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  • Compassion Fatigue From Awareness to Action

    Debbie Stoewen DVM, MSW, RSW, PhD Director of Veterinary Services

  • What is it?

    What it is not?

    What makes us vulnerable?

    What does it look like?

    What are the consequences?

    How do we manage it?

    How do we treat it?

    Compassion Fatigue

  • What is it? Awareness

  • Compassion Fatigue

    “The natural consequent behaviors and emotions resulting from knowing about a traumatizing event

    experienced by a significant other – the stress resulting from helping or wanting to help a

    traumatized or suffering person.”

    (Figley, Treating Compassion Fatigue, 2002)

  • Compassion Fatigue

    “The deep physical, emotional, and spiritual exhaustion that can result from working day to day in an intense caregiving environment.”

    (Figley & Roop, Compassion fatigue in the animal-care community, 2006)

  • (Image courtesy of franko@grrinninbear.com.au)

    mailto:franko@grrinninbear.com.au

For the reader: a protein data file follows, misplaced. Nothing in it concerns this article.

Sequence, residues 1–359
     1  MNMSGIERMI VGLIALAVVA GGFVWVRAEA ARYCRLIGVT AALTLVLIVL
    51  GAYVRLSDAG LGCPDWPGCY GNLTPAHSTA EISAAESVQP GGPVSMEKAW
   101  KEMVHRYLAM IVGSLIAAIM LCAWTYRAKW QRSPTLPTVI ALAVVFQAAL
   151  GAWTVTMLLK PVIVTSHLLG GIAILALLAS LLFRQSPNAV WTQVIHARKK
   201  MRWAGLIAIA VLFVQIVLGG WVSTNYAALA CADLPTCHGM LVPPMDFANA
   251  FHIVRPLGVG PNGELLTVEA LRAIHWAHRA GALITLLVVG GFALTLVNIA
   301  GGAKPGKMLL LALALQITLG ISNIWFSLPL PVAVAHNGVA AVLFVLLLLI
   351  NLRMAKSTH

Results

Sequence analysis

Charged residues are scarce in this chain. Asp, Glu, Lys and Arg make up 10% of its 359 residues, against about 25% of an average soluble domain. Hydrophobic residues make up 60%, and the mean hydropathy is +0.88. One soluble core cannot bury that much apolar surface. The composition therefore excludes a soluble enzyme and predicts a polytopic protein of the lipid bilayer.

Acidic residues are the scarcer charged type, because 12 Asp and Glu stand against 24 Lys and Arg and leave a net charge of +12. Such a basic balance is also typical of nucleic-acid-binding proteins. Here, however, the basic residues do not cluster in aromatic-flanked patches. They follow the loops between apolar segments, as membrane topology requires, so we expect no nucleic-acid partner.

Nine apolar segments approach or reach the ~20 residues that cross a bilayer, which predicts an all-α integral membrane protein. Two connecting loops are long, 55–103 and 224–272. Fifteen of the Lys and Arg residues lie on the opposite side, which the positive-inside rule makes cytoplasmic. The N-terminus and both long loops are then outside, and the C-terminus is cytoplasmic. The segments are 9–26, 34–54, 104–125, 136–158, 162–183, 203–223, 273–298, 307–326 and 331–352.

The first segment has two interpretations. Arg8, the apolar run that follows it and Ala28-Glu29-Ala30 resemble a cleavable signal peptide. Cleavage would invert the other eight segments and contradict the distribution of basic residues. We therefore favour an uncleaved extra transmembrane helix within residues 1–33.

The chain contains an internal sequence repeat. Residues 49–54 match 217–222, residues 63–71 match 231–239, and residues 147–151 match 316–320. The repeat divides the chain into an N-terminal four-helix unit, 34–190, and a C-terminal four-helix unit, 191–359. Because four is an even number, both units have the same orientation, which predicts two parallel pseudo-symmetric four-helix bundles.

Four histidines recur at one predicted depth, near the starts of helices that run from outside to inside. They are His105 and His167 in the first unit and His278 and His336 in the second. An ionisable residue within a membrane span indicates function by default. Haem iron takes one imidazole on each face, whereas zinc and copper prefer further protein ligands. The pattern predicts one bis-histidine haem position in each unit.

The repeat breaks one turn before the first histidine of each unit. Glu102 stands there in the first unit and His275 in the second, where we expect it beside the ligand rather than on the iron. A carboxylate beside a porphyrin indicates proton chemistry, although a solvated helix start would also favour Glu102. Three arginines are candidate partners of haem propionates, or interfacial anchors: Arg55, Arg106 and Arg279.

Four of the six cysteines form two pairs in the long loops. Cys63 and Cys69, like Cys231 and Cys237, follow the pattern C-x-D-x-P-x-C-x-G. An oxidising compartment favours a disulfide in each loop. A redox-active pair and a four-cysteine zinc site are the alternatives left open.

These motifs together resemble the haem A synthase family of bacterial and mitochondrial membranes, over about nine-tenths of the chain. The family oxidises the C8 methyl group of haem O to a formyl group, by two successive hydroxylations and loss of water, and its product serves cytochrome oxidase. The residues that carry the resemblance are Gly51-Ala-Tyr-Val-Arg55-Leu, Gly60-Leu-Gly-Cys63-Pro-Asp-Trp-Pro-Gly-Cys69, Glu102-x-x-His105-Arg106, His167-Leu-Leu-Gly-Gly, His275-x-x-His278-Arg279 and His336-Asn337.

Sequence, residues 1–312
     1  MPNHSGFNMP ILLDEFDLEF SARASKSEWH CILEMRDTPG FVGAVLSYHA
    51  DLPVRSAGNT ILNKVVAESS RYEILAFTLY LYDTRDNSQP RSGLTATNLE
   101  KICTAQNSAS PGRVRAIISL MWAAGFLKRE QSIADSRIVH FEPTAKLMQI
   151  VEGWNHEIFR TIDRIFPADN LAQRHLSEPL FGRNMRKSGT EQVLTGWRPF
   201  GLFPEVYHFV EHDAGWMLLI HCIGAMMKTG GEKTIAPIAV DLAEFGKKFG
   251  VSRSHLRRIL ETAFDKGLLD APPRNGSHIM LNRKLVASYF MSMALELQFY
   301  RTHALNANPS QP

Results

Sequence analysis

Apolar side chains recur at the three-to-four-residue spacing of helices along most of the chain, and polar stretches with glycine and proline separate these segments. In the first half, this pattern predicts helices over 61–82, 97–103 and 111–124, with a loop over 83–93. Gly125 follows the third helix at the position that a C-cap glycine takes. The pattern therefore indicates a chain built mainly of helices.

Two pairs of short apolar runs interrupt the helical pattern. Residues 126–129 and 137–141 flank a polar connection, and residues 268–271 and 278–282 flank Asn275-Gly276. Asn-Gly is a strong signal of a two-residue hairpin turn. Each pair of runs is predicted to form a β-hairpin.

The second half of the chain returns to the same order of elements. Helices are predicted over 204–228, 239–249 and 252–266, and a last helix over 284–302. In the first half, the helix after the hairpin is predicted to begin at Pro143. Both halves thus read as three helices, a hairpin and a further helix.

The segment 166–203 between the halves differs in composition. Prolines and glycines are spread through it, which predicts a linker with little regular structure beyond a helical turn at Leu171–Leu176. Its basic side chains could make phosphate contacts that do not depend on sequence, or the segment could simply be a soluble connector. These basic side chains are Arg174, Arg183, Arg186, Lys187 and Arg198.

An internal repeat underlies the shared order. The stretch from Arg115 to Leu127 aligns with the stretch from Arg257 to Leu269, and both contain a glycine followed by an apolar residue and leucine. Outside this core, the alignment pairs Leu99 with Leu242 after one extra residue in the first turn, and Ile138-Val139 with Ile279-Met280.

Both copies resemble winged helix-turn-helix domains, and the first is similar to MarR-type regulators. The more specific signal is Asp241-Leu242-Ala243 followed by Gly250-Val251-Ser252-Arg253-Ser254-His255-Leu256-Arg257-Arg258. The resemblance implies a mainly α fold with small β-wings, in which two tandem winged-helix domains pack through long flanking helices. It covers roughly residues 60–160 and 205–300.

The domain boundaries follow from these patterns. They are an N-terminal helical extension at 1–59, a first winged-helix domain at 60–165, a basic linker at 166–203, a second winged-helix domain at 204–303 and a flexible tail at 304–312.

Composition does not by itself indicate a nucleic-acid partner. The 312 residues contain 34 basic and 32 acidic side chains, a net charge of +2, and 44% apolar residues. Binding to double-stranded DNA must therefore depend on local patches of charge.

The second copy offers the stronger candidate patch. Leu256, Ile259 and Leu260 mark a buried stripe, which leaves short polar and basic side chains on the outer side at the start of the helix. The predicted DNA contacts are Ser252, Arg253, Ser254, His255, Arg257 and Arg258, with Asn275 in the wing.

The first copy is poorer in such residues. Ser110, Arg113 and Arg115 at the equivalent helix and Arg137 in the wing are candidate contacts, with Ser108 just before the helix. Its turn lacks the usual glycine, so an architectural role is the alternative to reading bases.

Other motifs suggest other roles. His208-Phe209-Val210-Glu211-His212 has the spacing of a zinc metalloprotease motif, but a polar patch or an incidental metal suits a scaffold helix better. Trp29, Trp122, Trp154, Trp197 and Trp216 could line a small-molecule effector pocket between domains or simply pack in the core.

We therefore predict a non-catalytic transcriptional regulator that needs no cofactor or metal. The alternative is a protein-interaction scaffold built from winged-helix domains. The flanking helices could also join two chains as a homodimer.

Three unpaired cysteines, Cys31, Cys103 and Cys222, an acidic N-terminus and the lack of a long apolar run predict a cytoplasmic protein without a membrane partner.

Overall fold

• Compassion Fatigue

    Secondary Traumatic

    Stress

    Cumulative Stress

    CF

    Primary Traumatic

    Stress

    (Voges & Romney, 2003; Gentry, 2005)

  • (Voges & Romney, 2003; Gentry, 2005)

    Secondary Traumatic

    Stress

    Cumulative Stress

    CF

    Primary Traumatic

    Stress

    Compassion Fatigue

  • Secondary Traumatic Stress

    Dealing with someone else’s trauma, pain, and loss

    • Animals

    • Public

    • Colleagues

    (Mathieu, The Compassion Fatigue Workbook, 2011)

  • (Voges & Romney, 2003; Gentry, 2005)

    Secondary Traumatic

    Stress

    Cumulative Stress

    CF

    Primary Traumatic

    Stress

    Compassion Fatigue

  • Primary Traumatic Stress

    Dealing with your own trauma, pain, and loss

    • Death in the family (including the family pet)

    • Separation/divorce

    • Car accident

    • Alcoholism/addictions

    • Major disease diagnosis